Sydney: ANZ, Australia’s fourth-largest lender, forecast it was starting to see bad debt provisions bottom out and expressed cautious optimism on the outlook for economies of Asia and Australia, sending its shares more than 4% higher.
ANZ said total provision charges were tracking slightly better than expectations as it reiterated an outlook it gave in May for higher second-half charges.
ANZ’s comments were more upbeat than those earlier this month from competitor Westpac Banking Corp, which saw the bad debt cycle yet to peak and Commonwealth Bank of Australia Ltd, which pointed to risks for the Australian economy.
“I think we’ve hit the peak of the cycle,” chief executive Mike Smith of the Australia and New Zealand Banking Group Ltd (ANZ) told analysts in a trading update, referring to provisions.
ANZ, which said it saw cash profit this year in line with 2008, said this half and the next would be similar in terms of bad loan provisions, and the bank’s second half ending 30 September would be one of its worst.
Smith’s comments come 13 months after ANZ shocked investors by saying it would take a A$1.2 billion ($1 billion) hit for bad debts as the global credit crisis impacted its earnings.
Investors punished the bank’s shares then as they recorded their biggest one-day percentage fall since the stockmarket crash of October 1987. In contrast, its share rose by as much as 5.5% on Monday.
“What the trading update did today was confirm that the full year impairment costs in 2010 will be lower than 2009,” said Tom Quarmby, an analyst at Macquarie Equities.
“The banks hadn’t given enough visibility around whether that could be the case.”
Smith’s forecast that ANZ had seen the bottom for bad debt provisions drove ANZ shares 4.1% higher to close at A$21.29. Westpac shares were up 0.3% at A$24.37 and Commonwealth stock was up 1.9% at A$46.00, in a broader market that closed lower.
At the end of last week, ANZ’s shares had risen 34%, lagging a 41% gain in the banking sector subindex.
In the trading update for the 10 months ended 31 July, Smith there were no real surprises and the business was performing much as expected.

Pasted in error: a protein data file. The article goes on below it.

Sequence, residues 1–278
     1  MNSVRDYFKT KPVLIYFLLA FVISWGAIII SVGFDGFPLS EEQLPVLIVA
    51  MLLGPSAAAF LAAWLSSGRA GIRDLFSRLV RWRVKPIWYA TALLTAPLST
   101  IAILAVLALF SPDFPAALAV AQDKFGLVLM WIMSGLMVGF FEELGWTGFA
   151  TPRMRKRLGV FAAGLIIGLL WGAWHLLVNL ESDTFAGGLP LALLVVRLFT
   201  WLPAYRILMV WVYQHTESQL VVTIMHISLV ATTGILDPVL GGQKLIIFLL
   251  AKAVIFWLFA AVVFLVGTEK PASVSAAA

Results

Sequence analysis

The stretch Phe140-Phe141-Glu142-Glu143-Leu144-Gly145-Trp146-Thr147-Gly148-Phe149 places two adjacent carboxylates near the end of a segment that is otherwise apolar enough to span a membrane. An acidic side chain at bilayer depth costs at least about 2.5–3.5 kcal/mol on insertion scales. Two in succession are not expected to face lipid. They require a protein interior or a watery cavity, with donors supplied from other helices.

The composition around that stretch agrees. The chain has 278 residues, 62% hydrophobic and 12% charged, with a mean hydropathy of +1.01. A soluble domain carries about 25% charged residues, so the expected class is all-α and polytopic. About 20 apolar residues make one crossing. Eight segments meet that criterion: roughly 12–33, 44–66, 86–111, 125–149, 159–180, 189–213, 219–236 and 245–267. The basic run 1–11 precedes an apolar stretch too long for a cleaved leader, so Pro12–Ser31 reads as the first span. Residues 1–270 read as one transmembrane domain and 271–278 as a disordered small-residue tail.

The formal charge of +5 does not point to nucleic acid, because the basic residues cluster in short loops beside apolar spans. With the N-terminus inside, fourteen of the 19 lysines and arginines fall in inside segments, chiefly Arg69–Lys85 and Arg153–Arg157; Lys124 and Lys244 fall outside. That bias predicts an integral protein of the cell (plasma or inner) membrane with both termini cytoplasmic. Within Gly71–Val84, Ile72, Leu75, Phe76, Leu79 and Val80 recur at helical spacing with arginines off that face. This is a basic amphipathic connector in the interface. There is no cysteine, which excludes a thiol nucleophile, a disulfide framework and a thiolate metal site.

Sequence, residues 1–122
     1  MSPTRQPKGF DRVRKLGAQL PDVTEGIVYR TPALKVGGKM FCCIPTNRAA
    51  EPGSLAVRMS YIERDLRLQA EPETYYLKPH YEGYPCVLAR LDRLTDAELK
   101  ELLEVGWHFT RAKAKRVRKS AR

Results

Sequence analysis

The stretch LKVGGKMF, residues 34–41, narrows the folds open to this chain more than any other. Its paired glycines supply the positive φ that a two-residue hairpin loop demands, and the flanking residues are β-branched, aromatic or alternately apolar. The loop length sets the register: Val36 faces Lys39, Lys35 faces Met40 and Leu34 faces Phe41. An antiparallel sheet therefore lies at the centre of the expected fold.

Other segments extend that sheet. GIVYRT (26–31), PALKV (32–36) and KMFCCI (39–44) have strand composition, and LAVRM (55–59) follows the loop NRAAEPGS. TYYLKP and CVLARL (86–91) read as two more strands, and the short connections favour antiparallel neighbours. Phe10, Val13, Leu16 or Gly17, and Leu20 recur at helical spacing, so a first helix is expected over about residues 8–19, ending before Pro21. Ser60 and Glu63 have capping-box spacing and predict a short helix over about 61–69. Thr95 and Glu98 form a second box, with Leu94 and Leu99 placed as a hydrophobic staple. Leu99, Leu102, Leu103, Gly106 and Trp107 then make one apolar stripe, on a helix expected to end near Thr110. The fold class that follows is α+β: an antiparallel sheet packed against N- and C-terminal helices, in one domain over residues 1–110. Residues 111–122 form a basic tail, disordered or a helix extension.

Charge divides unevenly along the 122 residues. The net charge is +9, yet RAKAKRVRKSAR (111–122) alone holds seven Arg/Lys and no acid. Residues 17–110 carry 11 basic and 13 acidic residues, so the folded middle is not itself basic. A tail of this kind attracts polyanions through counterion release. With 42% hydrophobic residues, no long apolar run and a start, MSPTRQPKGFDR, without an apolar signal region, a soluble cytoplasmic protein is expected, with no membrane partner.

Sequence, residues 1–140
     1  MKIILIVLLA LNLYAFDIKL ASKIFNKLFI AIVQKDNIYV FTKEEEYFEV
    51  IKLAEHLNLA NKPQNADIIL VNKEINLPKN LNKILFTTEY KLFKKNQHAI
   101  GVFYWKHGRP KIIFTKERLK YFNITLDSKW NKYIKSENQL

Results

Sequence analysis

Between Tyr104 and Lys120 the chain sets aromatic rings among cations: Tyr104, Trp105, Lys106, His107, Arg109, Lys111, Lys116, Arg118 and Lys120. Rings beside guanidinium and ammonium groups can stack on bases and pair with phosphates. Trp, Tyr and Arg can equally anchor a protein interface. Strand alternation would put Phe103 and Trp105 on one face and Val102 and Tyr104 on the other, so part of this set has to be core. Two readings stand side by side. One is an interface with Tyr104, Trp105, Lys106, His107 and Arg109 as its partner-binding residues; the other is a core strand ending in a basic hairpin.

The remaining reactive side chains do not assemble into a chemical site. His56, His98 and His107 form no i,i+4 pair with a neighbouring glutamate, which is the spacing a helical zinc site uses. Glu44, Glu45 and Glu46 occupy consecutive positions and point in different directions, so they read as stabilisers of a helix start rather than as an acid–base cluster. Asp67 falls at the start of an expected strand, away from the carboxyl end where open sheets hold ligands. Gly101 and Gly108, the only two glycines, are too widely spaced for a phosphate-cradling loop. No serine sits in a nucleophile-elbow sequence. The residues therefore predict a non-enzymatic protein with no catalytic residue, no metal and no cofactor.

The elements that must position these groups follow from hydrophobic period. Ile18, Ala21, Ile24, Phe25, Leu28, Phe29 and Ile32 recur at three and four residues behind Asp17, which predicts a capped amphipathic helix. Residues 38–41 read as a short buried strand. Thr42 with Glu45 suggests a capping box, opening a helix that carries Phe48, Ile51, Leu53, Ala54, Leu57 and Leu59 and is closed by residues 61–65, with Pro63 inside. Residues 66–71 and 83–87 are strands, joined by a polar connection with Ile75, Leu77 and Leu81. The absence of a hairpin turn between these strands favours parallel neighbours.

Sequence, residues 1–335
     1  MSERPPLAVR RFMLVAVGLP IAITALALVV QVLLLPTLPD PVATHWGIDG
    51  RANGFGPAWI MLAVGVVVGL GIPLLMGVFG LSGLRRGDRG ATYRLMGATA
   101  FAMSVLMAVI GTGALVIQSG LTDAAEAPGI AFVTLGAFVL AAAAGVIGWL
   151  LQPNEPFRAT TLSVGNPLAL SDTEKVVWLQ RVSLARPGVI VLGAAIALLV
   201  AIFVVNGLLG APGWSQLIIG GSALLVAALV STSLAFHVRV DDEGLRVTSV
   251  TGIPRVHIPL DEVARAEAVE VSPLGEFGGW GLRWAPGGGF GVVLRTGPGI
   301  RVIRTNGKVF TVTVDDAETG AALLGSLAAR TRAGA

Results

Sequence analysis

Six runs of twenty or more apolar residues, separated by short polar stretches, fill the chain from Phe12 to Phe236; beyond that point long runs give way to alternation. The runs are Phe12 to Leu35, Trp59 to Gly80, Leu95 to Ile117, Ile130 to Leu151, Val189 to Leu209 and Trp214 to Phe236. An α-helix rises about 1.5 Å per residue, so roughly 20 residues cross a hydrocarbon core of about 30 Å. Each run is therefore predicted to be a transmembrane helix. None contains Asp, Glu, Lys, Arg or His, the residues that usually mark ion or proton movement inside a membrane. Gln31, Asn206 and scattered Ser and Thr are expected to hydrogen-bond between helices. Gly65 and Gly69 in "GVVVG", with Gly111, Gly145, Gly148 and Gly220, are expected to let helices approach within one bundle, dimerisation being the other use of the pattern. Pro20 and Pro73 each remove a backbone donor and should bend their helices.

The bank, while expressing cautious optimism for the Australian and Asian economies, said difficult economic conditions remain in New Zealand, the only economy where provision growth for the group is not moderating.
ANZ said it has raised A$23 billion in funding for the financial year. Borrowing costs continue to rise as wholesale debt is replaced by new issuance, it said.
“It’s clearly quite positive,” said Mark Nathan, who holds ANZ shares in the portfolio he manages at Fortis Investment Partners.
“The capital position is very, very strong (and) the profit number looks like it’s going to be slightly ahead of where the market was expecting,” Nathan added.
Last October, ANZ reported a 32% decline in cash profit to A$3.03 billion, the bank’s first full year profit decline in 10 years.
It then said in May this year that credit provision charges in the second half would be about 20% higher than the first half, where they totalled A$1.435 billion.
Although Australia’s economy is one of the few globally to avoid recession, its lenders are operating in an environment of slowing credit growth and rising unemployment. But they have been spared the hit taken by their offshore peers, leaving them cashed up and on the prowl for cheap assets.
Citigroup analyst Craig Williams lifted his forecast for cash earnings per ANZ share by 18 percent for the full year, following the release of the update.
Earlier this month, ANZ agreed to buy the Royal Bank of Scotland Group Plc’s retail, wealth and commercial operations in Taiwan, Singapore, Indonesia and Hong Kong, as well as the British lender’s institutional businesses in Taiwan, the Philippines and Vietnam.
It has a goal of becoming a super regional bank in the Asia Pacific, generating a fifth of revenue from Asia by 2012.